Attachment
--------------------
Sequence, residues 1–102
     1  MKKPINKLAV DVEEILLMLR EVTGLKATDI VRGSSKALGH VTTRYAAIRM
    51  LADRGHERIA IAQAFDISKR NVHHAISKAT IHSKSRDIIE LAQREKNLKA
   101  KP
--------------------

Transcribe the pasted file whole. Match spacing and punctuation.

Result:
Sequence, residues 1–102
     1  MKKPINKLAV DVEEILLMLR EVTGLKATDI VRGSSKALGH VTTRYAAIRM
    51  LADRGHERIA IAQAFDISKR NVHHAISKAT IHSKSRDIIE LAQREKNLKA
   101  KP